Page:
Love in Wartime is finally released to the world! This was an incredible recording to make. Four days at Electrical Audio, Steve Albini’s studio in Chicago. Poignantly, we began recording on the day Trump was inaugurated into office. It felt like a holding a beam of light during a very dark hour. For me ‘holding the light’ is what this record is all about. You can stream it here, but buy the vinyl as it sounds amazing:
People are saying some really nice things about the guitar playing too:
The title track delivers a haunting reflection on the nature of love in difficult times. The song’s sonic structure recalls Jackson Browne’s “Late for the Sky,” culminating as Browne’s song does, too, with aching steel guitar creating an overwhelming moment of cosmic beauty and transcendence. – No Depression, 2018
Love in Wartime starts off as an achingly beautiful vocal duet as the pair celebrate the humdrum elements of daily life finding beauty in them (“Morning dew on the petal, steam on up from the kettle”) before a stirring slide guitar solo carries the song to a glorious end. – Paul Kerr, Blabber ‘n’ Smoke
For all the fear, doubt, complication, ignorance, and hate in the world: here is an antidote. This is Superlover from the upcoming Birds of Chicago release, Love in Wartime. More soon!
Anne was nominated for 13 awards, including best original music, at the Canadian Screen Awards. It brought home a couple of awards home including BEST DRAMATIC SERIES.
Playing all the guitar, mandolin, and slide for this series has been a fantastic experience. I’m entrusted with a huge amount of freedom in the creation of my parts. Everything I’ve done was recorded from my studio in Toronto and sent to the composers remotely. We heard the final mix at the same time as the audience.
I’m glad the series is doing well and being recognized. It’s a beloved Canadian classic and this version seems to be satisfying the hardcore traditional fans. However, Anne offers so much for modern audiences in a world were the role of women and gender are being rapidly redefined.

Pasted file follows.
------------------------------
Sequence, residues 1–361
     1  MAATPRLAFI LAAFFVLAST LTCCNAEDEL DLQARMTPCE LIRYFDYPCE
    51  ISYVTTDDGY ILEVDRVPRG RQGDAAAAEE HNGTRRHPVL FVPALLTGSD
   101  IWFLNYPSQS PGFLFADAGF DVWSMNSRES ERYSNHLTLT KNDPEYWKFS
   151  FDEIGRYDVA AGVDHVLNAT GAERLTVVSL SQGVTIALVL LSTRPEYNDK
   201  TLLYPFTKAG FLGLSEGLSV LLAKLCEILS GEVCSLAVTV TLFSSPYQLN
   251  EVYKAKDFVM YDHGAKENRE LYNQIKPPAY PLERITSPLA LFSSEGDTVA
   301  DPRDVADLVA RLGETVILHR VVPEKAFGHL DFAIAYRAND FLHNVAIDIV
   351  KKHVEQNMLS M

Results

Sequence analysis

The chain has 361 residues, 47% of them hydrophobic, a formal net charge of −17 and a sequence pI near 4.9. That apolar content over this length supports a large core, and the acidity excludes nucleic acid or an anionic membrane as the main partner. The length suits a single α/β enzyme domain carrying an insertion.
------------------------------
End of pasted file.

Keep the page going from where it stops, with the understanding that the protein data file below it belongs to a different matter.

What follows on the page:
I wish to gratefully acknowledge the generous support of the Toronto Arts Council. My proposal to create new compositions for an acoustic ensemble was approved. Have a listen below to hear the direction I’m headed with this. A little strange, a little cinematic, but sincere and heartfelt. Stay tuned, and I hope you enjoy.
Calgary Folk Fest has been a fantastic experience for Birds of Chicago. We came into town a little early to play a show of Canadiana tunes (celebrating Canada 150) with Basia Bulat, Barney Bentall, Jason Collett, Turkwaz, CHOIR CHOIR CHOIR and others.
Our main stage set was Friday night and it was one of my favourite festival experience with the Birds. The weather, audience, sound, and crew were fantastic. Our last workshop set is this afternoon with Jim Cuddy, Barney Bentall, and Yola Carter.
The music was warmly received and there seemed to be a bit of buzz about the band:
This might be a bold statement, but seeing this band perform was a life affirming experience. Even amidst their occasionally grief stricken lyrics, Birds of Chicago manages to create a sense of positivity in their music that seems fitting for a festival stage. Whether through the sonic fury of a well-played guitar solo or the emotional hook of a well-written verse, this group creates music that uplifts the spirit. Their sound ranges from full-on rock and roll to deeply folk, with one song being performed exclusively to the beat of a kick drum and the claps of the audience. They were humble performers and talented musicians, a chance to see them play should not be missed. (JB) http://beatroute.ca/2017/07/29/calgary-folk-music-festival-day-one-two-recap/
There was also a nice article in the Calgary Herald: http://calgaryherald.com/entertainment/music/folk-fest-eclectic-acts-stoke-entertaining-second-day
Next up: Canmore and then Edmonton.